Opera Dragonfly documentation

Remote Debugging

The Remote Debug feature allows Opera Dragonfly to connect to other instances of Opera, either on the same machine or on a remote device. This is especially useful when working with devices such as mobile phones, tablets, and TVs. When put into Remote Debugging mode, Opera Dragonfly will listen for a connection to the IP address and Port specified. The separate instance of the Opera browser can then connect over a network and pass debugging information across the connection. Opera Dragonfly can then interact with the webpages and applications on the remote instance, just as if it were running locally.

Setup

The following steps create the setup for a remote debugging session.

Stage 1: Network setup

The first step is to make sure both instances are connected to the same network, so they can "see" each other. If debugging a mobile device, it will be useful to connect to a Wi-Fi network. To establish a connection, you will need to point the instance of Opera you want to debug (the client) to the instance of Opera Dragonfly (the server). For this, you'll need to make a note of the IP address of the machine running Opera Dragonfly.

If connecting to a separate instance on the same machine, such as a different version of the Opera browser or the Opera Mobile Emulator, it is possible to simply use 127.0.0.1 (localhost).

Finding the IP Address in OS X using Network preferences and ifconfig in the terminal

In OS X, the quickest way to find the IP address of your machine is to go to the system's Network preferences. Similarly, Linux will generally provide a Connection Information dialog relating to the currently active network connections.

In both OS X and Linux it is also possible to go the command-line route. Enter ifconfig in a terminal window and look for the inet value of the active connection. If there are multiple active network connections – such as Ethernet, Wi-Fi, Bluetooth, or others – there will be multiple inet values, so it is important to make sure you're checking the right connection.

Finding the IP Address in Windows, using the Command Prompt and ipconfig

On Windows, there is no easy method to check the current IP address from the system settings. However, opening a Command prompt and entering ipconfig will yield a similar result to ifconfig on OS X and Linux.

Stage 2: Listen for a connection

To begin debugging remotely In Opera Dragonfly perform the following steps:

  1. Click the Remote Debug button at the top-right of the Opera Dragonfly window.
  2. Specify the port that will be used to connect over. This defaults to 7001. Make sure the firewall is configured to allow connections on the chosen port.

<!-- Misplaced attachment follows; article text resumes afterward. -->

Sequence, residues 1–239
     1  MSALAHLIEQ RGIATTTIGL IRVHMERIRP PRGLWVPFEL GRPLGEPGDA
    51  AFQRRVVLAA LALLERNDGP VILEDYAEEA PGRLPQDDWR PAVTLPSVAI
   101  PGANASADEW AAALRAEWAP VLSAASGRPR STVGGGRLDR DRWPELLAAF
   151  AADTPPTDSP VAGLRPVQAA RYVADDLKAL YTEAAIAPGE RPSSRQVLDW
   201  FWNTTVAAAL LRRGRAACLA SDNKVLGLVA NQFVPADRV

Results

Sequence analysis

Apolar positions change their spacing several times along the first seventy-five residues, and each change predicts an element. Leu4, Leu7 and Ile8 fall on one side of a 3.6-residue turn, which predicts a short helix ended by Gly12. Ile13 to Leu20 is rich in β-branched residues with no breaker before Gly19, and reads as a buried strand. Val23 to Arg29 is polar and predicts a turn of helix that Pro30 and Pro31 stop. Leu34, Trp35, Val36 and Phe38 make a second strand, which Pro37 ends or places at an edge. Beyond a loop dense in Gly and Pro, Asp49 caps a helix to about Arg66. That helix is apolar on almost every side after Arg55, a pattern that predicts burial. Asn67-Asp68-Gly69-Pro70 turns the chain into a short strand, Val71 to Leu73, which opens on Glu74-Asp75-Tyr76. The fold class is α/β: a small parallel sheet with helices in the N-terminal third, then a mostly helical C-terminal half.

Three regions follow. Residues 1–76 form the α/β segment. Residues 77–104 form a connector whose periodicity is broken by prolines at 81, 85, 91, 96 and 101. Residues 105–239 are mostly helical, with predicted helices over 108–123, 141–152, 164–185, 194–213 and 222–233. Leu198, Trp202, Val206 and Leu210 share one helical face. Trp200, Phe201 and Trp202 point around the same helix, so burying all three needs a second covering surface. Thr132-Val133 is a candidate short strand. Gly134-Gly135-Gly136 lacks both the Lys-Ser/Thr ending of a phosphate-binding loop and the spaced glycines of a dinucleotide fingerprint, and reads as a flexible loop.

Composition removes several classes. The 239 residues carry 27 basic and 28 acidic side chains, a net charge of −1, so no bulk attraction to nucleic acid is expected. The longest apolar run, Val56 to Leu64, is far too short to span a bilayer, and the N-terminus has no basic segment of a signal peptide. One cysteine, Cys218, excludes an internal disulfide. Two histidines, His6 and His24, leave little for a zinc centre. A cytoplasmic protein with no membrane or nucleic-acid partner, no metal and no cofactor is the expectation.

3. Click the Apply button.

Set the port and listen for a connection

Stage 3: Connect to Opera Dragonfly

On the remote Opera instance, perform the following steps:

  1. Enter opera:debug in the URL field.
  2. Enter the IP address and port number from stage 1.
  3. Click Connect.

Enter the IP Address and port on the remote device

If the connection is successful, Opera Dragonfly will communicate with the remote instance and will be ready to debug the selected document. The Remote Debug button will light up to show the connection is established. If the connection drops for whatever reason, it will switch to an error indicator.

Debugging pages on a remote device

With the connection established, the final step is to select the document to debug. The debugging context selector at the upper-right of the Opera Dragonfly window contains a list of the open documents on the remote device. Navigate to the page to be debugged on the remote device and make sure the correct document is selected in the document selector. It may also be useful to detach Opera Dragonfly to provide more visual real estate.

Selecting the debugging context

Everything will behave as if a local document is being debugged. The main difference is that the page being debugged is controlled and displayed on the remote device. Changes made to the DOM or styles can still be made in real time. There may. however, be some delay depending on the latency of the connection and the performance of the device.

Disconnecting

Once the debugging session is over, the remote debugging connection can be disconnected by clicking on the Remote Debug button, and then clicking on the Cancel button. It can also be disconnected on the device by returning to opera:debug and clicking the Disconnect button. Opera Dragonfly will then return to local debug mode.